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How motherhood behavior is influenced by alterations in brain function

Date:
October 29, 2011
Source:
Hebrew University of Jerusalem
Summary:
Instinctive mothering behavior towards care of newborns has long been recognized as a phenomenon in humans and animals, but now research has shown that motherhood is associated with the acquisition of a host of new behaviors that are driven, at least in part, by alterations in brain function.

Dr. Adi Mizrahi.
Credit: Image courtesy of Hebrew University of Jerusalem

Instinctive mothering behavior towards care of newborns has long been recognized as a phenomenon in humans and animals, but now research at the Hebrew University of Jerusalem has shown that motherhood is associated with the acquisition of a host of new behaviors that are driven, at least in part, by alterations in brain function.

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The research, by Dr. Adi Mizrahi of the and Edmond and Lily Safra Center for Brain Sciences and the Silberman Institute of Life Sciences at the Hebrew University, has just been published in the journal Neuron. It provides insight into how neural changes integrating odors and sounds lie behind a mouse mother's ability to recognize and respond to distress calls from her pups.

"We know that distinct brain changes are linked with motherhood, but the impact of these changes on sensory processing and the emergence of maternal behaviors are largely unknown," explains Mizrahi. "In mice, olfactory and auditory cues play a major role in the communication between a mother and her pups. Therefore, we hypothesized that there may be some interaction between olfactory and auditory processing so that pup odors might modulate the way pup calls are processed in the mother's brain."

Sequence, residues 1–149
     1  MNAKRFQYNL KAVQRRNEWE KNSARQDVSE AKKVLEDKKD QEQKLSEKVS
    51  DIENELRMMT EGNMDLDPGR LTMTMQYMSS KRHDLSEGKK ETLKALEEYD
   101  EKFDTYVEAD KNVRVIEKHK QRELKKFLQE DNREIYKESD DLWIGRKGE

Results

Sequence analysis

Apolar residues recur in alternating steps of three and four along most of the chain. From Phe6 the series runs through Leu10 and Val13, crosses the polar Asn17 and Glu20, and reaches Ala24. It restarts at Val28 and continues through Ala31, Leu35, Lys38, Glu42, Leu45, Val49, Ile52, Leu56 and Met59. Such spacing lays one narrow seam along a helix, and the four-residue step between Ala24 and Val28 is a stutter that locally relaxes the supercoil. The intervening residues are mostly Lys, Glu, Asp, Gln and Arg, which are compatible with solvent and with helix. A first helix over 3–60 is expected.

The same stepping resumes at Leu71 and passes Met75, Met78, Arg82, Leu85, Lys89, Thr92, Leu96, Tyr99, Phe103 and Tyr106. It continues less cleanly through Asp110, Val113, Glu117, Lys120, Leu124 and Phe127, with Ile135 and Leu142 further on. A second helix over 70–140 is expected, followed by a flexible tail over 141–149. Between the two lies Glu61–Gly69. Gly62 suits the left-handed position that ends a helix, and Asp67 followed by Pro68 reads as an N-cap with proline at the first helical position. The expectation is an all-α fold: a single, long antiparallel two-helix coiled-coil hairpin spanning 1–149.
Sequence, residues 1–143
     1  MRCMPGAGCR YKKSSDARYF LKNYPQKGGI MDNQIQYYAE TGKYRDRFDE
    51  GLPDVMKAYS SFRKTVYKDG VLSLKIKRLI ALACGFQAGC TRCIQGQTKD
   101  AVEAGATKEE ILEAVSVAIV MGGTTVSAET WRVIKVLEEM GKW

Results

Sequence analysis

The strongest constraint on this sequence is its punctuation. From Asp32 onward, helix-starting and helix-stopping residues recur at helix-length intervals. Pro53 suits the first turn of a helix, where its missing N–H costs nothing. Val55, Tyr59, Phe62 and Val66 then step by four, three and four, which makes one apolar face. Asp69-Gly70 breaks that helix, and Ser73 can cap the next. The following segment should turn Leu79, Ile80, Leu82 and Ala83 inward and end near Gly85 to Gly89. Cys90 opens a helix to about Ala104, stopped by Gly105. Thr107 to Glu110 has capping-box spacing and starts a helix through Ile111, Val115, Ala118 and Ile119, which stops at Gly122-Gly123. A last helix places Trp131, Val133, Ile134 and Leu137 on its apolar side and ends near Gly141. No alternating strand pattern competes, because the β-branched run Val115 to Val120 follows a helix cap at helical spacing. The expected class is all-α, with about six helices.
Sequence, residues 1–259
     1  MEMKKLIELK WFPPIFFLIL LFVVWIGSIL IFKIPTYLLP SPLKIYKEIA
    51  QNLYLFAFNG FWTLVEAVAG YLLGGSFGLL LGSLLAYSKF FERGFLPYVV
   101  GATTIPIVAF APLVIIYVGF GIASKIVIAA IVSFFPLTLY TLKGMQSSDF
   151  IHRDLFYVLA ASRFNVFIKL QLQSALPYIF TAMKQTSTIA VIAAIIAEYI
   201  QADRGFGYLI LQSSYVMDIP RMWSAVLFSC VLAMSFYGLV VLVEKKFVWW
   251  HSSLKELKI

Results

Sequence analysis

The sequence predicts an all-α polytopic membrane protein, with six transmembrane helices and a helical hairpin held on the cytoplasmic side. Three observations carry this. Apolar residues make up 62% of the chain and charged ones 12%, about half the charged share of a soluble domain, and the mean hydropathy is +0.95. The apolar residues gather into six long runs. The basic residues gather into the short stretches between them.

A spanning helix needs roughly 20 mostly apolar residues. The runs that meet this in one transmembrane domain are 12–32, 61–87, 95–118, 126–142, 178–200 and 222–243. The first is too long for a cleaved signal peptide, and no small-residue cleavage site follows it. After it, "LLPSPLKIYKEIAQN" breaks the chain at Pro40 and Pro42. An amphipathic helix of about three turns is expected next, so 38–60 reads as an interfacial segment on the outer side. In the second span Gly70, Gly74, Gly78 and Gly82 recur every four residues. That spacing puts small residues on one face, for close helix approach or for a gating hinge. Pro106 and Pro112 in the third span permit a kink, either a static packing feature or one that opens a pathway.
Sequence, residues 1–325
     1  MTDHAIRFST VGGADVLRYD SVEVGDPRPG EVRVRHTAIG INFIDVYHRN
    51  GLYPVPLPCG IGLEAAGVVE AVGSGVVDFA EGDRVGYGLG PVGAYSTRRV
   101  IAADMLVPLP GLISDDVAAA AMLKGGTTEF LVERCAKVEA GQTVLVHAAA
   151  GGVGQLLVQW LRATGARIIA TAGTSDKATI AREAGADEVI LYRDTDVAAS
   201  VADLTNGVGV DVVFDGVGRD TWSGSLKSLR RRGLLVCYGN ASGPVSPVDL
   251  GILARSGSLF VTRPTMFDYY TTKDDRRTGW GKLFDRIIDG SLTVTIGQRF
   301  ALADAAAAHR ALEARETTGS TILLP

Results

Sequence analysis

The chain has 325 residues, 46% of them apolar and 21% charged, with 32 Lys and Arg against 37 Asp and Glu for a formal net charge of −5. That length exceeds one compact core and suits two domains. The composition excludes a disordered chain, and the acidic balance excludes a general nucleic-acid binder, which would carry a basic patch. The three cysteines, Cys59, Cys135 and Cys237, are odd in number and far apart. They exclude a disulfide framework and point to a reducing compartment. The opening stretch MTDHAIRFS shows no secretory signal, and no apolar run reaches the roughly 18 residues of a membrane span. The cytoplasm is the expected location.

Dr. Mizrahi and his post-doctoral colleague Dr. Lior Cohen examined whether the primary auditory cortex, a brain region that is involved in the recognition of sounds, might serve as an early processing region for integration of pup odors and pup calls. The primary auditory cortex is known as a site that undergoes functional changes in response to sensory input from the environment.

In their study, the researchers exposed regular mice, mice that had experienced interaction with their pups, and lactating mother mice to pup odors, and then monitored both spontaneous and sound-evoked activity of neurons in the auditory cortex. The odors triggered dramatic changes in auditory processing only in the females that had interacted with pups, while the lactating mothers were the most sensitive to pup sounds. The olfactory-auditory integration appeared in lactating mothers shortly after they had given birth and had a particularly strong effect on the detection of pup distress calls.

Taken together, the findings suggest that motherhood is associated with a previously un-described form of multisensory processing in the auditory cortex.

"We have shown that motherhood is associated with a rapid and robust appearance of olfactory-auditory integration in the primary auditory cortex occurring along with stimulus-specific adaptation to pup distress calls," says Dr. Mizrahi. "These processes help to explain how changes in neocortical networks facilitate efficient detection of pups by their caring mothers."


Story Source:

The above story is based on materials provided by Hebrew University of Jerusalem. Note: Materials may be edited for content and length.


Journal Reference:

  1. Lior Cohen, Gideon Rothschild, Adi Mizrahi. Multisensory Integration of Natural Odors and Sounds in the Auditory Cortex. Neuron, 2011; 72 (2): 357 DOI: 10.1016/j.neuron.2011.08.019

Cite This Page:

Hebrew University of Jerusalem. "How motherhood behavior is influenced by alterations in brain function." ScienceDaily. ScienceDaily, 29 October 2011. <www.sciencedaily.com/releases/2011/10/111024084331.htm>.
Hebrew University of Jerusalem. (2011, October 29). How motherhood behavior is influenced by alterations in brain function. ScienceDaily. Retrieved November 24, 2014 from www.sciencedaily.com/releases/2011/10/111024084331.htm
Hebrew University of Jerusalem. "How motherhood behavior is influenced by alterations in brain function." ScienceDaily. www.sciencedaily.com/releases/2011/10/111024084331.htm (accessed November 24, 2014).

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